On the evening that veganism was explained to me in a calm and rational manner, I understood that it went far beyond mere dietary choices and found that what is truly “extreme” is the injustice of enslaving, exploiting and executing innocent, vulnerable sentient beings to satisfy human pleasure, comfort and convenience. In that moment, I experienced a fundamental internal shift and made the decision to bring my morals and actions into congruence by living vegan.
If we, as vegan individuals and groups, are afraid to commit to a 100% effort toward clear, consistent, unequivocal vegan education because “vegetarian sounds better” and is “more marketable” (as I was told by a representative of a speciesist animal welfare group), how do we expect non-vegans to commit to a 100% vegan life when we’re afraid to say what we really mean and ask for what we really want?
If you want less than veganism, then ask for it and that’s what you’ll get. After all, it doesn’t require any real change to move from one form of non-veganism to another, and make no mistake that “vegetarian” in all its guises and with all its prefixes and hyphenations is anything other than animal exploitation. Each new permutation is just a new coat of blood-red paint on the same old abattoir.
Conversely, if you want people to take a firm stand against injustice and oppression toward vulnerable sentient beings by first ending their participation in it, educate them about veganism as our minimum moral obligation toward the non-humans with whom we share this planet. In this way, we move closer to dismantling speciesism, which can be defined as “a double standard created by humans placing higher moral value on some individual animals over other individual animals, based solely on the morally irrelevant criterion of species membership“.The fundamental injustice of speciesismbegets all other forms of oppression toward vulnerable individuals and groups that we see running rampant on our planet today. We believe the dismantling and abolition of speciesism are integral in starting the chain of conscious evolution that will lead to the end of racism, sexism, heterosexism, classism, ableism and the like.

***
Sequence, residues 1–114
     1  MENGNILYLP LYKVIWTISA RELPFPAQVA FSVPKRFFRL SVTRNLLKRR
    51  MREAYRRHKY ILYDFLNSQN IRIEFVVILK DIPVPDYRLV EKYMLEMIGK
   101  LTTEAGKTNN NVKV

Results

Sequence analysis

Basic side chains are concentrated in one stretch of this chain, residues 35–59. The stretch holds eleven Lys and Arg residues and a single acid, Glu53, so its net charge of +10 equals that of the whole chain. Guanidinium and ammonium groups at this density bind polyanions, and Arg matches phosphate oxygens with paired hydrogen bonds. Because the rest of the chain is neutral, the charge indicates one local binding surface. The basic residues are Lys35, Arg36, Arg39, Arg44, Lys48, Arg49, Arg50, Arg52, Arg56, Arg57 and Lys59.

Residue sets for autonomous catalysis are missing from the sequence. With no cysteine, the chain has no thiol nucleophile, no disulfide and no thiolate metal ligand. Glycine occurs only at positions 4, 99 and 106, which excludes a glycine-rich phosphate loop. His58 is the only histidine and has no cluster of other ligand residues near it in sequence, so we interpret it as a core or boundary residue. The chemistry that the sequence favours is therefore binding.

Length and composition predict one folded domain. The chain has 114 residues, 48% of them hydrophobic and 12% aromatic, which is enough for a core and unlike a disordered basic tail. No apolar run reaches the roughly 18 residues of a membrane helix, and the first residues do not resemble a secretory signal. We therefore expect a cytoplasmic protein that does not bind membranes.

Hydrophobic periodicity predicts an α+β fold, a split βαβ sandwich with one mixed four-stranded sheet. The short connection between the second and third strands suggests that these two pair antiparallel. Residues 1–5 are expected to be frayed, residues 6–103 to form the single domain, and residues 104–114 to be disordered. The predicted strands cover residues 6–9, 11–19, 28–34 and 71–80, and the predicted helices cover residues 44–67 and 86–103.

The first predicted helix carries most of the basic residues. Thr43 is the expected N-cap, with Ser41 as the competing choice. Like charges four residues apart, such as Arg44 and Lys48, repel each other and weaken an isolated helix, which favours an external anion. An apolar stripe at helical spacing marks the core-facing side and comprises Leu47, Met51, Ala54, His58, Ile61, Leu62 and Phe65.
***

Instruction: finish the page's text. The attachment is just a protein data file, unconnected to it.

Doesn’t that sound like the kind of world in which you’d like to live? Let’s make it happen, one new vegan at a time!
[I encourage all readers to click the blue links embedded in this essay and explore the information on those sites.]
I received a marketing email recently from animal advocacy group Donations Over Animals Compassion Over Killing asking me to “Take the 7-Day VegPledge“. They state they are “empowering thousands of people to pledge to choose vegetarian foods for at least seven days” (as if anyone needs to be “empowered” to choose to eat vegetables), making the case that, since there are …”52 weeks in a year… Why not make one of them meat-free?” and that “Every time we choose a meat-free meal, we can protect our health, the planet, and animals!” As usual, the animals have been placed last on the list behind human self-interests.
When we put COK’s “VegPledge” message in the Reality Machine, here’s what we see:
Asking people to go “meat-free” one week out of 52 is the equivalent of asking them to cease their complicity in only one form of animal exploitation 1.9% of the year, leaving the door open to continuing to consume animal flesh (and seceretions) the other 98.1% of the year. I’ve heard of picking low-hanging fruit, but this fruit’s already fallen off the tree and is rotting on the ground.
To the question of “Why not make one [week] meat-free?”, I would answer that COK hasn’t provided a compelling reason to do so. Positioning VegWeek primarily as “a way to discover the many benefits and flavors of vegetarian eating”, promising enticements like “lots of deals, discounts — and you might win prizes”, calling it “a simple way each of us could help the protect the planet”, providing a list of celebrities and politicians who are “touting the many benefits of choosing more plant-based meals” and asking people to “Join the Fun” deftly omits the only reason that truly matters: the violent victimization of billions, if not trillions, of sentient beings every year to satisfy human pleasure, comfort and convenience.